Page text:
I believe that Haitian Creole is an integral part of Haiti’s strength.
This majority language in Haiti creates a sense of solidarity among its speakers, and through proverb preserves the resilience of a people that have fought for generations without ever succumbing.
“Tout sa ou pa konnen pi gran pase w’ ” (see title), was a bit of a puzzle for me when I first heard it. I couldn’t account for the way it was used; it wasn’t meant to inspire fear or a sense of ominous foreboding, but to recognize that you can’t know it all, and therefore cannot always control the outcome of any given situation (which for me, automatically inspires a certain sense of fear and foreboding!)
For Haiti, life has never been about predicting the future; life there is tumultuous, it’s unpredictable, and frequently unstable, so it becomes about continuously rising with dignity and grace to embrace each new day as it comes.
I think that exploring proverb can help those of us on the “outside” understand a little bit better the heart of Haiti.
Despite the oppressive character of injustice and poverty that plague so many, Haitian people are repeatedly described as overwhelmingly hopeful.
While many proverbs touch on life’s hardships, the more I learn about Haiti, her language and her culture, the more convinced I am that Haitian strength is preserved and conveyed (in part) through the language’s rich variety of proverbs. These range from humorous to poetic, and encompass a wide range of riddle-like complexities; together, they represent an incredibly woven tapestry of idiom, cultural knowledge, humor and resilience.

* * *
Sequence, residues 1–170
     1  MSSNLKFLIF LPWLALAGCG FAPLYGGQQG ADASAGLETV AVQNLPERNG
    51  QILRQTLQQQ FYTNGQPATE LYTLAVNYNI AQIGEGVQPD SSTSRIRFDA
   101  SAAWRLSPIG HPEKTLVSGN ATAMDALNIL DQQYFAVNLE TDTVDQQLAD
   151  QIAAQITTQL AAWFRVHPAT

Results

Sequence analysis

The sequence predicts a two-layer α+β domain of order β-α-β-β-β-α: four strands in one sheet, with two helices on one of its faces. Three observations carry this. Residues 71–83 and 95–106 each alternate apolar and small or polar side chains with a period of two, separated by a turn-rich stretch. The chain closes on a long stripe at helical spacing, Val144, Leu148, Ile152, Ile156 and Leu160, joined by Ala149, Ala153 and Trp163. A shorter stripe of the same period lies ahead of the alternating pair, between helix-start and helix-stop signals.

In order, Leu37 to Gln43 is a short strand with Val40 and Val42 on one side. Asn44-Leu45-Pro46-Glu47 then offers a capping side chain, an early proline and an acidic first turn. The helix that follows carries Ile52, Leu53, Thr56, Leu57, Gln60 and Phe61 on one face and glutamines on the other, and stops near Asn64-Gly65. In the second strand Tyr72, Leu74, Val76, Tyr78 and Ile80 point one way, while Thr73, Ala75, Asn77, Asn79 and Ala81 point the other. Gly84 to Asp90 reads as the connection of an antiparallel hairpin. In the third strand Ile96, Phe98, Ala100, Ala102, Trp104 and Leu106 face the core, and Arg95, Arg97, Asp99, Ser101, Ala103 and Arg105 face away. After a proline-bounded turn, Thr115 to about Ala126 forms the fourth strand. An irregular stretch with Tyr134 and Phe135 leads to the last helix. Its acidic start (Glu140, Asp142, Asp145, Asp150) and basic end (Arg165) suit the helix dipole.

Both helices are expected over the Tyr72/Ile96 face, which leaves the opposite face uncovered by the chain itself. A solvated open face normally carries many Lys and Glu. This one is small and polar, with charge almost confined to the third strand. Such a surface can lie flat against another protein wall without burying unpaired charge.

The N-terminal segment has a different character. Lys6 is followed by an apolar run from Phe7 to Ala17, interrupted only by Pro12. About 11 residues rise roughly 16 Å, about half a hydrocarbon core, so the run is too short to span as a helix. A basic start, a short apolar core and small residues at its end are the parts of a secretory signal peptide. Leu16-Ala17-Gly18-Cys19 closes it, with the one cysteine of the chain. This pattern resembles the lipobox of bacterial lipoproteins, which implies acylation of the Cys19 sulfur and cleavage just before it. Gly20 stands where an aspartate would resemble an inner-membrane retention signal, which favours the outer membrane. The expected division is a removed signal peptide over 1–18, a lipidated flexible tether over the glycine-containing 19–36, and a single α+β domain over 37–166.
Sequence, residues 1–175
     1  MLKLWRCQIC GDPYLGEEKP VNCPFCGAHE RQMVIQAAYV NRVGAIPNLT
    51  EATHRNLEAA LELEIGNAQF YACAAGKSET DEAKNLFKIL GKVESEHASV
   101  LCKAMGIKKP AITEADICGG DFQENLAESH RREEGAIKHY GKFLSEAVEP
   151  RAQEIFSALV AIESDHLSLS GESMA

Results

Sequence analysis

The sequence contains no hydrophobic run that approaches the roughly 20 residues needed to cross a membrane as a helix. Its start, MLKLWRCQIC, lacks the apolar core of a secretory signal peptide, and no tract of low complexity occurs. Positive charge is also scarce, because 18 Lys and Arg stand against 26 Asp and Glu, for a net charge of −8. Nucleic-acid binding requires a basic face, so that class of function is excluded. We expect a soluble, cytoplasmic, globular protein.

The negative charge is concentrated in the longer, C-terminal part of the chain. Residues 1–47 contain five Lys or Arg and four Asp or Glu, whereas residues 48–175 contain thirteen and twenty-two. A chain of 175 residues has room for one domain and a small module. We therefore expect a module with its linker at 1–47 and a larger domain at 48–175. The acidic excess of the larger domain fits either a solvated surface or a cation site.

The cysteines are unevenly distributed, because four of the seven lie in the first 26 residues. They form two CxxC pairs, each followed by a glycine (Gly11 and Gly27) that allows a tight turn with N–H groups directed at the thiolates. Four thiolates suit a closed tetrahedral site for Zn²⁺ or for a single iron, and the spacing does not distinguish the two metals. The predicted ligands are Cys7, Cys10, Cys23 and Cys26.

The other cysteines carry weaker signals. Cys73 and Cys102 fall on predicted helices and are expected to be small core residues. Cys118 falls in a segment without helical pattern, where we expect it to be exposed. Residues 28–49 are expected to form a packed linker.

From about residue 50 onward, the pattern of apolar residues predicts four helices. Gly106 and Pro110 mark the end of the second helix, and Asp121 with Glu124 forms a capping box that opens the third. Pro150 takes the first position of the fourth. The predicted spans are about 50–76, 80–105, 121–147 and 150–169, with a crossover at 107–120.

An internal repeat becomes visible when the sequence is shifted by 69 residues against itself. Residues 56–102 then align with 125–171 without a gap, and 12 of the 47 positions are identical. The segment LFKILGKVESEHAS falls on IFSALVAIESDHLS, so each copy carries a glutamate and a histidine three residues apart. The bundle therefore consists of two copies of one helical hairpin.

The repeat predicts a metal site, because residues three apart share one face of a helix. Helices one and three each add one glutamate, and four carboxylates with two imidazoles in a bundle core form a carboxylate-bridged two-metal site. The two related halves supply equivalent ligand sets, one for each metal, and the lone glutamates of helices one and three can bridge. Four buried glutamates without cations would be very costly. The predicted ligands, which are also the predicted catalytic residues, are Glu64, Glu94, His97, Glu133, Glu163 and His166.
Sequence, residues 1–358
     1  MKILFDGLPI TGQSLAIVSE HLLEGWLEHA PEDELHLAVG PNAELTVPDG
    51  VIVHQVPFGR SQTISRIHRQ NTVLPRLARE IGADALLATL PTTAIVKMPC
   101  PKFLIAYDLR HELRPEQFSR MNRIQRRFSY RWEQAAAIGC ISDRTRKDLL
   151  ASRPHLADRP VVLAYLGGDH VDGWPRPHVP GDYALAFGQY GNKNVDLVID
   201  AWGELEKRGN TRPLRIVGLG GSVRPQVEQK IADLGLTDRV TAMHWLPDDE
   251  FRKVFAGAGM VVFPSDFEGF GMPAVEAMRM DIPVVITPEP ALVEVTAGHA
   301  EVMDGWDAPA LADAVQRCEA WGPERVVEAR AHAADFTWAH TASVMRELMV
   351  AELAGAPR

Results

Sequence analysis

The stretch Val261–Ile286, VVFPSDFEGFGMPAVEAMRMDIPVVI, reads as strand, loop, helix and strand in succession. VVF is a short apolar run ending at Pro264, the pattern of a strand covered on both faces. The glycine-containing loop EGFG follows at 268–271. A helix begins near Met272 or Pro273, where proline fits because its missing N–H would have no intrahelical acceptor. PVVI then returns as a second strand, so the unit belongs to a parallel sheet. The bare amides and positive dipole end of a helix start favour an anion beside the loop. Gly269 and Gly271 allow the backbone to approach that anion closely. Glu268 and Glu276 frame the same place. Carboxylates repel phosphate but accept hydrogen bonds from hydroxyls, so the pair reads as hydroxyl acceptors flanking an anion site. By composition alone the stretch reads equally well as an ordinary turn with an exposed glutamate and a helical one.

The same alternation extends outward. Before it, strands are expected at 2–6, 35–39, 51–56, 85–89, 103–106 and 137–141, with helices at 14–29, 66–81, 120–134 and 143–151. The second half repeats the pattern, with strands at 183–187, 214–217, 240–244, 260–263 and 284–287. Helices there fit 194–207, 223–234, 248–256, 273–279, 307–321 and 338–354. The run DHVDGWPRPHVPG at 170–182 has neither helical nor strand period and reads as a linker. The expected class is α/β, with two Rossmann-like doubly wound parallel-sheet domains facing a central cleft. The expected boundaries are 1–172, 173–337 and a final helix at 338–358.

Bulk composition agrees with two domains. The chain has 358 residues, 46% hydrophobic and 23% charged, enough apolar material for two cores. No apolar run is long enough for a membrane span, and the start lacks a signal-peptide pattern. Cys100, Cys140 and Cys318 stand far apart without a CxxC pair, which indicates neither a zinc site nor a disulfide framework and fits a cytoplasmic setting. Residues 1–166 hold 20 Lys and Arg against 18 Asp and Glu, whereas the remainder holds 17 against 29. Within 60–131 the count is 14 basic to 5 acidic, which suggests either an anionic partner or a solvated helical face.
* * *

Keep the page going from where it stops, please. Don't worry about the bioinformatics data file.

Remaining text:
More Haitian Creole Proverbs:
“Chita pa bay”
[Sitting doesn’t give]
In other words: Sitting around/doing nothing doesn’t get you anywhere.
“Dèyè mòn, gen mòn.”
[Behind mountains, there are mountains]
Anyone who’s been to Haiti knows the inspiration behind this proverb, what it means though is that to move past one sorrow or problem will only bring you face to face with another. It can also take on the sense of “If it’s not one thing, it’s another”.
“Kouri lapli, tonbe larivyè.”
[Running from the rain, you fall in the river]
In avoiding one thing, we fall into something even bigger.
“Kreyon Bondye pa gen gòm.”
[God’s pencil doesn’t have an eraser]
In other words: God doesn’t make mistakes. (I think I’ve heard this one here in the U.S. before too?)
“Pale franse pa di lespri pou sa.”
[Speaking French doesn’t mean intelligence]
In other words: Fancy speech doesn’t mean you’re smart, or that your ideas are more valuable for that matter.
by Erin Nguyen on September 18, 2014